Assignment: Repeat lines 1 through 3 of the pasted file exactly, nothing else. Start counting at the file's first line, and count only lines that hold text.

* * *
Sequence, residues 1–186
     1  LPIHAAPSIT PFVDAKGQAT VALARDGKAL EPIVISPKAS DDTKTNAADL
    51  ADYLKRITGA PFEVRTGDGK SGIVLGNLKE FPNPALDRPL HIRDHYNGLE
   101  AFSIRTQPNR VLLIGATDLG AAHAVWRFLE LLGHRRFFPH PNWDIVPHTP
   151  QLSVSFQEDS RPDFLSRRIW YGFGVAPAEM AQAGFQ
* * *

Sequence, residues 1–186
     1  LPIHAAPSIT PFVDAKGQAT VALARDGKAL EPIVISPKAS DDTKTNAADL
    51  ADYLKRITGA PFEVRTGDGK SGIVLGNLKE FPNPALDRPL HIRDHYNGLE